Wednesday, April 22, 2015
Editor Interview : Pooja Dadwal, Associate Commissioning Editor, Fingerprint! Publishing
There are editors and there are still, other editors. But this particular editor does have a way with words. A true writing editor, is this one. Someone, who believes that an ideal writer cannot exist, actually should not exist. So, in her words, 'The mould of the ‘ideal’ in the creative space shouldn’t exist', she says among the other relevant points, she makes.
But, this space does not contain it all. So, this is only Part 1 of this Editor Interview. So, Read up, Folks and wait for more...
What are you looking for in a book, when it comes to you?
Nothing. There is nothing that I am looking for in a book. I approach it as a blank slate. What I look for—rather wait for—as I begin reading, is my reaction to it. The idea is to let the writer take me on a ride, and to not have certain pre-formed notions and expectations from it.
Once I am done reading, I let my mind stew in the experience and form its opinion (What aids me in the process is all the reading, I have done till now). Mostly, my decision is instinctive and instantaneous—I know if I want a particular book, and my publisher and I push hard to make an offer—but sometimes, it’s not.
What according to you are the qualities of an ideal writer?
There is no such being as an ‘ideal writer’, especially in the times we live in. Where a diligent writing schedule works for one person, a manic writing spree can work for the other. How do you typecast, and, more importantly, why would you even want to typecast?
The mould of the ‘ideal’ in the creative space shouldn’t exist. Hence, everything works—a sloppy working schedule, erratic behaviour, genteel manners, a wordbank that would rival a dictionary, a simple writing style ala Hemingway, anything—till the time there is magic on the paper.
What you write should resonate with your reader. For me, in this case, the end justifies the means.
Could you explain the process, from commissioning to editing, and finally, printing and marketing?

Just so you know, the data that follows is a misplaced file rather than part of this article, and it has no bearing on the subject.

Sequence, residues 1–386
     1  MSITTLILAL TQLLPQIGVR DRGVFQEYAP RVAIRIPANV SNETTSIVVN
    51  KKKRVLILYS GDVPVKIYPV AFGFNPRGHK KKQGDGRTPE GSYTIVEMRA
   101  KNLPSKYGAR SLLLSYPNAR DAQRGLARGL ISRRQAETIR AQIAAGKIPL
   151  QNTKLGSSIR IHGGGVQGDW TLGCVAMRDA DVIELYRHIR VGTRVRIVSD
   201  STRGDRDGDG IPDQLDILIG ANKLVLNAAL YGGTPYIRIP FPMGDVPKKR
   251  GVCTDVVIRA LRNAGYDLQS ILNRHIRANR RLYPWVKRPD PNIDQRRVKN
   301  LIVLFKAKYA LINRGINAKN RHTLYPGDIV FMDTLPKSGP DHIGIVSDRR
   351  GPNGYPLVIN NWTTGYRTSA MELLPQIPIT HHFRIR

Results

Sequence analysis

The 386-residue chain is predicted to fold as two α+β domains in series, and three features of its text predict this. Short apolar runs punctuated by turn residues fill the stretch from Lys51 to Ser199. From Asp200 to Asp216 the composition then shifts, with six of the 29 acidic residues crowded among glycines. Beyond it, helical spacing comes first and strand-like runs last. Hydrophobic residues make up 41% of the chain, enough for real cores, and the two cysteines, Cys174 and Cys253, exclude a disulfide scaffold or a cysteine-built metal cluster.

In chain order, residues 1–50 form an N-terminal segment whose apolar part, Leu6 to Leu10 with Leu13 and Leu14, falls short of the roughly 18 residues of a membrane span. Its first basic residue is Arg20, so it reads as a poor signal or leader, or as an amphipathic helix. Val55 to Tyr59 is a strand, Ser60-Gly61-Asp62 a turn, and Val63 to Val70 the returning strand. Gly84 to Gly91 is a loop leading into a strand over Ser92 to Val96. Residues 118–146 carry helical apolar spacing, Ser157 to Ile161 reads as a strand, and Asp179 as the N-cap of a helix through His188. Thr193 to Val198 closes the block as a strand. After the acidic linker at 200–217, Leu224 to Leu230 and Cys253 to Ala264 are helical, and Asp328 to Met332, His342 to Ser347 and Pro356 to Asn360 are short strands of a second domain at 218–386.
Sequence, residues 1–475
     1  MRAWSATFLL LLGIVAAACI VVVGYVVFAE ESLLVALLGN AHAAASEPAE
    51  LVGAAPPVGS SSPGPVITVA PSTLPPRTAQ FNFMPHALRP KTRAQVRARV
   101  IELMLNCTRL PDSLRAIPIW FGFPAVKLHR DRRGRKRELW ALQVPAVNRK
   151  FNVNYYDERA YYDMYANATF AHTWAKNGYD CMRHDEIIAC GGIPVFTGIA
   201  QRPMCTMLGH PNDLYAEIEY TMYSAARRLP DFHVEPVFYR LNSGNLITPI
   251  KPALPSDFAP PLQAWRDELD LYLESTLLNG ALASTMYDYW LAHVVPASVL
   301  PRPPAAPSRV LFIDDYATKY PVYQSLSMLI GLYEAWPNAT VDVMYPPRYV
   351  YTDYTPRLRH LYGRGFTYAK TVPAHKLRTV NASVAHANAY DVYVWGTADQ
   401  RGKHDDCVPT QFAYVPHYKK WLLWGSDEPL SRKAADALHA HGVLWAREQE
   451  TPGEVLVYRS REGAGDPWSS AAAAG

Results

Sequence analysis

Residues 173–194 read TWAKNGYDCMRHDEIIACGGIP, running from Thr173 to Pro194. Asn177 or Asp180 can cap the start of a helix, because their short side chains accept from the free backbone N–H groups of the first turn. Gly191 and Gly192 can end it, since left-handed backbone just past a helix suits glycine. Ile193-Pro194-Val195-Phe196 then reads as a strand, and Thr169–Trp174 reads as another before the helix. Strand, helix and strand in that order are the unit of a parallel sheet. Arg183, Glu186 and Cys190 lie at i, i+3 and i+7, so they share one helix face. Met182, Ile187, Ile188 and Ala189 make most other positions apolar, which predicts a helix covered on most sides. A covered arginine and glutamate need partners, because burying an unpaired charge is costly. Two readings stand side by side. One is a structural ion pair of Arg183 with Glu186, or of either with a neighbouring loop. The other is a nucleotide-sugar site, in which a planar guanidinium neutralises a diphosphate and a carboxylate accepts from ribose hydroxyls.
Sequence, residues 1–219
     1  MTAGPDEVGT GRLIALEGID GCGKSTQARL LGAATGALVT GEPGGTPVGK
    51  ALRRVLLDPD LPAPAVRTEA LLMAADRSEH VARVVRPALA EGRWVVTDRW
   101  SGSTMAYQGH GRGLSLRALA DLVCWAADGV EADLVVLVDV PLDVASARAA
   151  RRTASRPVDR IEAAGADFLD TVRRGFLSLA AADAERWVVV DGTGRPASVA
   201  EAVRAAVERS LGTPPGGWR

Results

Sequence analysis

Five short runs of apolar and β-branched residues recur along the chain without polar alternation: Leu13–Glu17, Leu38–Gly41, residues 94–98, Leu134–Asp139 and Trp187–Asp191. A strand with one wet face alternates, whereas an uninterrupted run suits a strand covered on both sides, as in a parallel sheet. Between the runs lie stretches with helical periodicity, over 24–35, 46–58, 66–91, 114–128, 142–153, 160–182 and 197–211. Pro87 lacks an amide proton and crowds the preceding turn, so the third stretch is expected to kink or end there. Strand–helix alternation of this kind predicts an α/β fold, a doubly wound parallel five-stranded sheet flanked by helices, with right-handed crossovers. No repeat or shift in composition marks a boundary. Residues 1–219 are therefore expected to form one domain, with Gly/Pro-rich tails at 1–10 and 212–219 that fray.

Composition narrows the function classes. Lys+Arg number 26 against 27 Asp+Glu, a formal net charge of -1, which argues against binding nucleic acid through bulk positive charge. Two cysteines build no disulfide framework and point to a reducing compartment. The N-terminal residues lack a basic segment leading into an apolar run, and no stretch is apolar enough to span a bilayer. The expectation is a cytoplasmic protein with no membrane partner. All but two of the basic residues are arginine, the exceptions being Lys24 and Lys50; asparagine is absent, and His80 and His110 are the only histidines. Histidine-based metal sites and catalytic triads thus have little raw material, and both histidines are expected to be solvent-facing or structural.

Sure. Let’s begin with commissioning: Once a manuscript reaches the commissioning editor, sent either through an agent or mailed organically (we are one of the few remaining publishing houses who are open to reviewing manuscripts sent directly from the writer), I review it (or send it to someone who is in our pool of readers) and decide if it’s something we want to publish.
Having made the decision of publishing a title, a contract is signed with the author. Post that, in some time (it could be months; heck, it mostly is) the manuscript is assigned to an editor and work begins.
Editing: This is one of the most important stages. A manuscript is read in detail, notes are made, and any substantive change, if needed, is discussed with the author. In case there are developmental changes needed to tighten the story (which need to be done primarily by the author) they are taken care of now.
Once this gets done, the line editing begins (minor developmental edits are also done at this stage). Once done, we approach the second stage of editing, where the editor reviews the problem areas and stitches together the entire ms (we send the edited ms to the author in batches, so that work happens in tandem). The file is then ready to be sent to the proof-reader.
Proof Reading: At Fingerprint! we have a ready pool of proofreaders who mark corrections which still remain in the ms. The file is then sent back to the editor, who makes changes as and where needed. After that, the file is sent for layout.